Moulin unsuccessfully offered Ben Yedder—then playing as an attacking midfielder—to Lille, before a phone call to Toulouse president Olivier Sadran paved a path for the 19-year-old to move to south-west France. He left Alfortville having scored nine goals in 23 first-team appearances.
Moulin said Alfortville "kitted out all our young players from head to toe" with the money they received.
Singularly unprepared for the rigours of professional football, Ben Yedder barely featured for Toulouse in his first two seasons at the club. But after breaking into the first XI at the beginning of the 2012-13 season, there was no looking back.
He scored 15 goals in his first full Ligue 1 campaign and continued to find the net with regularity—16 goals in 2013-14, 14 in 2014-15, 17 in 2015-16—despite Toulouse's fluctuating form (they finished one place above the relegation zone in 2015 and 2016) and Sadran's refusal to let him leave.
Ben Yedder watched Moussa Sissoko, Etienne Capoue and Serge Aurier depart Toulouse for bigger and better things before finally being granted a move to Sevilla in July 2016.
Ben Yedder's breakthrough at Toulouse earned him recognition at under-21 level for France, but as in his futsal days, his experience as an international footballer proved short-lived.
After sneaking out of a training camp in Le Havre with Antoine Griezmann, Yann M'Vila, Chris Mavinga and M'Baye Niang to go on a night out in Paris in October 2012, he was banned from representing his country until December 31, 2013.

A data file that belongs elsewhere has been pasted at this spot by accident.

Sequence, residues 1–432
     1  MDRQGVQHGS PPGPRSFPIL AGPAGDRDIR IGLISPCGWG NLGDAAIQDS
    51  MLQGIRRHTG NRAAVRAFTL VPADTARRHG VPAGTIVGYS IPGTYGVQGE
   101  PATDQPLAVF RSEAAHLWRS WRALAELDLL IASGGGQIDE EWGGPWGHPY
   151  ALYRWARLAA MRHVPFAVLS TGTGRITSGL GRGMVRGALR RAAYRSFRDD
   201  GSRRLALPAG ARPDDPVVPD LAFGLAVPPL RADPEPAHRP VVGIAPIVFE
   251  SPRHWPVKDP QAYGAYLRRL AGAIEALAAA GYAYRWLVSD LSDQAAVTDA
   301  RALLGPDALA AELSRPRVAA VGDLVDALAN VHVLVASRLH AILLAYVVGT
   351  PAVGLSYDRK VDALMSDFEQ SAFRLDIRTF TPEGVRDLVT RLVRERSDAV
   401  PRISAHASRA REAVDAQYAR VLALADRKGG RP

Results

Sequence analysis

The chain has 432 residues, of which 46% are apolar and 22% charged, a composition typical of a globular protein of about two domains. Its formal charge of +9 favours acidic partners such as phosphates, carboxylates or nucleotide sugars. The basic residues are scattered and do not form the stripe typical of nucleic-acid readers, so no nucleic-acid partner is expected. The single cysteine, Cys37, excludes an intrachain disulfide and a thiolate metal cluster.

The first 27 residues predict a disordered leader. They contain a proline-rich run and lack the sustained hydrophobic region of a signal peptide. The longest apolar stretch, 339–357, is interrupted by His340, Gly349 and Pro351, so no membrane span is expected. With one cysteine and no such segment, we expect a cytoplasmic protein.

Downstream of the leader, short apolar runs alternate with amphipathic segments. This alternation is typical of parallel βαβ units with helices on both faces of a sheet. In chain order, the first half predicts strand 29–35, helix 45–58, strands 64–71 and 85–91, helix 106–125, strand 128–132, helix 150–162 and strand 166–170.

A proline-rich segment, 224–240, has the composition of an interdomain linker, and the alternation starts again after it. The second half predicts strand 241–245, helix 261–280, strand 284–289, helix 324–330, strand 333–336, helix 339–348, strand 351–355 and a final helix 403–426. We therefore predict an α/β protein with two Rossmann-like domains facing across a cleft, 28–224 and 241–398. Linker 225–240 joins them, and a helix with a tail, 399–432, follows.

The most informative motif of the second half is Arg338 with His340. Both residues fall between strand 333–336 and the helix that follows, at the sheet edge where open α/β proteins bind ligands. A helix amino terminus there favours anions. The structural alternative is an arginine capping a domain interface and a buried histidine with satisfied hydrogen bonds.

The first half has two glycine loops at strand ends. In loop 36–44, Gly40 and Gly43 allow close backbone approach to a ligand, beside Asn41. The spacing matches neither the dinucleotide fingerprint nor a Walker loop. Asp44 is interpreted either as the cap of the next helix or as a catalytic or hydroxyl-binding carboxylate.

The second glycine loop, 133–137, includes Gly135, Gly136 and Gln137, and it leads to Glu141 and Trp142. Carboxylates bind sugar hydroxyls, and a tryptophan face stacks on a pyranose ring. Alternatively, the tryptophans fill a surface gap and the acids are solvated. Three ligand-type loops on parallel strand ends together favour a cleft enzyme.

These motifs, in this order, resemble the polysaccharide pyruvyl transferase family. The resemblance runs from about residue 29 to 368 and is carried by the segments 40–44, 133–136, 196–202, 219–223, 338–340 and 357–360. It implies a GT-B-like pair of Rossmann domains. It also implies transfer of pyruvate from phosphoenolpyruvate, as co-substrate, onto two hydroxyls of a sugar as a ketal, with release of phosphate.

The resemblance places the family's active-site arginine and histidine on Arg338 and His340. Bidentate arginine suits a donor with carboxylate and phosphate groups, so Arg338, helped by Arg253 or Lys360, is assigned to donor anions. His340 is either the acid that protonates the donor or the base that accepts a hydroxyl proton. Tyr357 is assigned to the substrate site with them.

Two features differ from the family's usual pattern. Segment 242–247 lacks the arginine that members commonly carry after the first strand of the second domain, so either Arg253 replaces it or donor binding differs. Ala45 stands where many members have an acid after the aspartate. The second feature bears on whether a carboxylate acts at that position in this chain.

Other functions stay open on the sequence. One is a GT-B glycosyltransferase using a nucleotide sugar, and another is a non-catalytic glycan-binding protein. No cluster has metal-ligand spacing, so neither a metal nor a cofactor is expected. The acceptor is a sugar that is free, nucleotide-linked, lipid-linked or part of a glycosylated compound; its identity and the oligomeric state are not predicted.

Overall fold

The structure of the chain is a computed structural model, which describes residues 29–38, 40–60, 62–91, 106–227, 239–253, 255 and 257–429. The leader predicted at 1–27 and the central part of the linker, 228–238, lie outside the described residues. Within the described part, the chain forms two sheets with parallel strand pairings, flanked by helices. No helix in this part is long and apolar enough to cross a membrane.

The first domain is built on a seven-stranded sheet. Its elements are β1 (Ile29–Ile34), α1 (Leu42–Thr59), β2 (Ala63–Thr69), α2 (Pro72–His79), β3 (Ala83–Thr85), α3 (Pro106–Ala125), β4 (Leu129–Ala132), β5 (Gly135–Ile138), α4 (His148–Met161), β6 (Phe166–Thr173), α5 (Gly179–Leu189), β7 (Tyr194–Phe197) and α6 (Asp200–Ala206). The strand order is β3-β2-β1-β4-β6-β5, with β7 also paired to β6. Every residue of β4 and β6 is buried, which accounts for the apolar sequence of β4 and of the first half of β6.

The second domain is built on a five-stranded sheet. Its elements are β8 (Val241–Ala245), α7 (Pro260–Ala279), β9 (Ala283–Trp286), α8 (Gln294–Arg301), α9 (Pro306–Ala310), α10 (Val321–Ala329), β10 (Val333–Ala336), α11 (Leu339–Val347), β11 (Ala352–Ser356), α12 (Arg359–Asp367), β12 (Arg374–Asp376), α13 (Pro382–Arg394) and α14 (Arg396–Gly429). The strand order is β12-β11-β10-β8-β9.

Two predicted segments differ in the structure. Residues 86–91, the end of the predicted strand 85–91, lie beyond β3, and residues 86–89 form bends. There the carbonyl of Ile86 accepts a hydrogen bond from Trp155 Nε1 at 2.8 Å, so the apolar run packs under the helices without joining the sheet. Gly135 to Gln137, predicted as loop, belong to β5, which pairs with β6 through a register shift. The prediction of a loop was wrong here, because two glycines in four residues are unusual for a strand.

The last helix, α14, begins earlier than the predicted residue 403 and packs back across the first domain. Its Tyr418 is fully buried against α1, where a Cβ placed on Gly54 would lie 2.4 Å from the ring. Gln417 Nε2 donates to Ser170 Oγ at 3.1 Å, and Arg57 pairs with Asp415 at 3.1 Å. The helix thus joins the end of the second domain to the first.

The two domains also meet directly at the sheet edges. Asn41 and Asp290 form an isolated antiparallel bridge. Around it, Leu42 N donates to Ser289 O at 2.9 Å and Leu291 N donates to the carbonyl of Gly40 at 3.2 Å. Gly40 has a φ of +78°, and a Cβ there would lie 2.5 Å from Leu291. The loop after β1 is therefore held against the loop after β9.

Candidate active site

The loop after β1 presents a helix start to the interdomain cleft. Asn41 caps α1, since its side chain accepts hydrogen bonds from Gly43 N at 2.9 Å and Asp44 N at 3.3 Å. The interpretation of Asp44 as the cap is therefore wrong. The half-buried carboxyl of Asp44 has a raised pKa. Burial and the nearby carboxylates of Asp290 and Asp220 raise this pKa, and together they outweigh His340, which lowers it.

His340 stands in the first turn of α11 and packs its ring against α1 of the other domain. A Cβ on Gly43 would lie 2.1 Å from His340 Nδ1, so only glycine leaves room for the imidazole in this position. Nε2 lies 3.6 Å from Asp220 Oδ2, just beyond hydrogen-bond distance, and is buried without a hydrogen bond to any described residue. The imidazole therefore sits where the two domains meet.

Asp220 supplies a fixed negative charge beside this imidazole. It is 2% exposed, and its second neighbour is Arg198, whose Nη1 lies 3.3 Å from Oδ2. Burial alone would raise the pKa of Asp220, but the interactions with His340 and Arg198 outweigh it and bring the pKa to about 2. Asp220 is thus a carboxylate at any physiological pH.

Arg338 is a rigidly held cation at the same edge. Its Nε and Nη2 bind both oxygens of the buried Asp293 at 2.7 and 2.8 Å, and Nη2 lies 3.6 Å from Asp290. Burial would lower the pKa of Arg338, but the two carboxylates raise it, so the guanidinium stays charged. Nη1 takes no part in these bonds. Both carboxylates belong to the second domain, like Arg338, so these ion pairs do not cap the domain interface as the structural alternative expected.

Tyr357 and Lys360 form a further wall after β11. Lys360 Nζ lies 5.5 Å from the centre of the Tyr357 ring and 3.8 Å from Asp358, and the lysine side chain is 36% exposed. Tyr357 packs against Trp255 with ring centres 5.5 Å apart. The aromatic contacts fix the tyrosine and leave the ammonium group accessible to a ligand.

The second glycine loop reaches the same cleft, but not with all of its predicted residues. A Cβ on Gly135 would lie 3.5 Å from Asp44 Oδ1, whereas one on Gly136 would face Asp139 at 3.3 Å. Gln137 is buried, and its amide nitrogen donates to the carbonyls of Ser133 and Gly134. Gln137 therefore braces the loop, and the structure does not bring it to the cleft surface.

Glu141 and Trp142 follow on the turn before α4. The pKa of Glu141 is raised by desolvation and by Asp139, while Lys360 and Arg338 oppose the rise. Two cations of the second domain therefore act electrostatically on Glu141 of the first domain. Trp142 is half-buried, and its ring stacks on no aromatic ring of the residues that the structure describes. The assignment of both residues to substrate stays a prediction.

At senior level, Ben Yedder's route to the French team was barred by Karim Benzema, Olivier Giroud, Alexandre Lacazette and Griezmann. However, despite repeated appeals to switch his allegiances to Tunisia, he refused to give up hope.
"It will be France and nothing else," he told L'Equipe in September 2014. "Even if I don't get called up, I'll keep working like I do today and I hope that one day my moment will come."
That moment came last month, two days after his double at Old Trafford, when he was named in Didier Deschamps' squad for France's friendlies against Colombia and Russia. He described the moment on Twitter as "a happiness for which I don't have the words" and shared a picture of himself from his Alfortville days. "Le Jamie Vardy Francais," replied one admiring Twitter user.
Ben Yedder made his senior international debut in France's 3-2 loss to Colombia at the Stade de France, coming on as a 73rd-minute substitute for Giroud.
He did not make it onto the pitch in France's 3-1 win over Russia and faces huge competition for a place in Deschamps' 23-man World Cup squad.
Meanwhile, few have given Sevilla any chance of getting past Bayern in the Champions League, but Ben Yedder learned a long time ago not to be cowed by improbable odds.